In these times, computer vision is growing as never before. Many things can be mentioned as a reason, but in my view the main reasons are the following:
- Advancements in hardware
- The emergence of deep learning
- The advent of large datasets
- The increase in computer vision applications
Better and More Dedicated Hardware
One of the main reasons why image processing is such a difficult problem is that it deals with an immense amount of data. To process this data, you need memory and processing power. These have been increasing in size and power regularly for over 50 years.
Because of these, algorithms run faster to the point where more and more things are now capable of being run in real-time (e.g. face recognition, object detection).
We have also seen an emergence and proliferation of dedicated pieces of hardware for graphics and image processing calculations. GPUs are the prime example of this. A GPU clock speed may generally be slower than a regular CPU’s, but it can still outperform one for these specific tasks.
Dedicated pieces of hardware are becoming so expensive, nowadays in computer vision that many companies, including Nvidia, intel and AMD started designing and producing them.
- RTX 2080 Ti: 11 GB of VRAM
- Titan RTX: 24 GB of VRAM
- Tesla V100: 32 GB of VRAM
- Titan V: 12 GB of VRAM
are the most known computer vision dedicated GPUs.
The Emergence of Deep Learning
Deep learning, a sub field of machine learning, has been revolutionary in computer vision. Because of it, machines are now getting better results than humans in important tasks such as image classification (i.e. detecting what object is in an image).
Previously, if you had a task such as image classification, you would perform a step called feature extraction. Features are small “interesting”, descriptive or informative patches in images. The idea is to extract as many of these from images of one class of object (e.g. chairs, horses, etc.) and treat these features as a sort of “definition” (known as a bag-of-words) of the object. You would then search for these “definitions” in other images. If a significant number of features from one bag-of-words are located in another image, the image is classified as containing that specific object (i.e. chair, horse, etc.).
The difficulty with this approach is that we have to choose which features to look for in each given image. This becomes complicated and impossible when the number of classes you are trying to classify for starts to grow past, 15 or 20. Do you look for corners? edges? texture information? Different classes of objects are better described with different types of features. If you choose to use many features, you have to deal with a plethora of parameters, all of which have to be fine-tuned.
Well, deep learning introduced the concept of end-to-end learning where the machine is told to learn what to look for with respect to each specific class of object. It works out the most descriptive features for each object. In other words, neural networks are told to discover the underlying patterns in classes of images.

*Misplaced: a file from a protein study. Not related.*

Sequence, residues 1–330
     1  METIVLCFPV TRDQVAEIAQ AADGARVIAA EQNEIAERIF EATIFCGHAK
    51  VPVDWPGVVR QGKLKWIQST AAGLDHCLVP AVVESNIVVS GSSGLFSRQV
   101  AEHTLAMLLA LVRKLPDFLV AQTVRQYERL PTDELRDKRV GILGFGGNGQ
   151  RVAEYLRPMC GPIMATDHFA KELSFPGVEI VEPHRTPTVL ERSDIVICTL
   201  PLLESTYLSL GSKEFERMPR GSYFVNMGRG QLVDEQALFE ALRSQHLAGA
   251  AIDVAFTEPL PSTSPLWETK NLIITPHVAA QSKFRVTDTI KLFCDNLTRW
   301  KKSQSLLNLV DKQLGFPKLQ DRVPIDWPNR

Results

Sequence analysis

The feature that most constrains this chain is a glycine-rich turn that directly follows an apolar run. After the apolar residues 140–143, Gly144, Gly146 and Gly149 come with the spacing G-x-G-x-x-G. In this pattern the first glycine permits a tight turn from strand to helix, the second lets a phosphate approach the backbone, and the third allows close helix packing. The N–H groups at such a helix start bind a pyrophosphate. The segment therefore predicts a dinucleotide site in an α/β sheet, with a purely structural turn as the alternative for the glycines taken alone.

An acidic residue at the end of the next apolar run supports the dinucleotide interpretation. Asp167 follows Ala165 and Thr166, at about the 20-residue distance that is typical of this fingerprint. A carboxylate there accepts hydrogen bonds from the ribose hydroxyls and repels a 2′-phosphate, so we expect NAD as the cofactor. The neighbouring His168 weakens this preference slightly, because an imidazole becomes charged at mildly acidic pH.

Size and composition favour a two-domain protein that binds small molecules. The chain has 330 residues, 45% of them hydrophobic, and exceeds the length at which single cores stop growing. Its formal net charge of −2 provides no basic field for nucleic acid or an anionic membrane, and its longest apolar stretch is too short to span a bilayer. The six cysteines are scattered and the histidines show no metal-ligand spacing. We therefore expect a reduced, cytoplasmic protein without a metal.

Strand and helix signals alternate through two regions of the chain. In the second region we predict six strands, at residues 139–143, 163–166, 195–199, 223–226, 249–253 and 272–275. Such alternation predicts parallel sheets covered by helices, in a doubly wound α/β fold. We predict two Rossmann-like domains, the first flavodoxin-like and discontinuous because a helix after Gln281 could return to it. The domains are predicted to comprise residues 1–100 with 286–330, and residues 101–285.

The image below portrays this difference between feature extraction and end-to-end learning:
We can say that deep learning put computer vision on the map in the industry. Without it, chances are we would all still be stuck with it in academia.
To allow a machine to learn the underlying patterns of classes of objects it needs A LOT of data. That is, it needs large datasets. More and more of these have been emerging and have been instrumental in the success of deep learning and therefore computer vision.
Before around 2012, a dataset was considered relatively large if it contained 100+ images or videos. Now, datasets exist with numbers ranging in the millions. It has become very simple collecting large amount of data in very short amount of time and small amount of cost.
Here are some of the most known image classification databases currently being used to test and train the latest state-of-the-art object classification/recognition models. They have all been meticulously hand annotated by the open source community.
- ImageNet – 15 million images, 22,000 object categories.
- Open Images – 9 million images, 5,000 object categories.
- Microsoft Common Objects in Context (COCO) – 330K images, 80 object categories.
- PASCAL VOC Dataset – a few versions exist, 20 object categories.
- CALTECH-101 – 9,000 images with 101 object categories.
All those datasets plays a vital role of taking computer vision to the next level. The more data sets we have to train our models, the better our outcome gets.
Faster machines, larger memories, and other advances in technology have increased the number of useful things machines have been able to do for us in our lives. We now have autonomous cars (well, we’re close to having them), drones, factory robots, cleaning robots – the list goes on. With an increase in such vehicles, devices, tools, appliances, etc. has come an increase in the need for computer vision.
and other things such as incorrect labelling. Here’s a picture of one of these robots at work:
Agriculture as well is capitalizing on the growth of computer vision. iUNU, for example, is developing a network of cameras on rails to assist greenhouse owners to keep track of how their plants are growing.
There’s no need to mention autonomous cars here. We are constantly hearing about them on the news. It’s only a matter of time before we’ll be jumping into one.
Computer vision is definitely here to stay. In fact, it’s only going to get bigger with time.
Our planet has many problems that can be solved with computer vision. These problems we face are forcing us to find more efficient way to run our computer vision system. Because Computer vision gets advantage of the progress made in Hardware, data sets and even software to grow in such fast pace.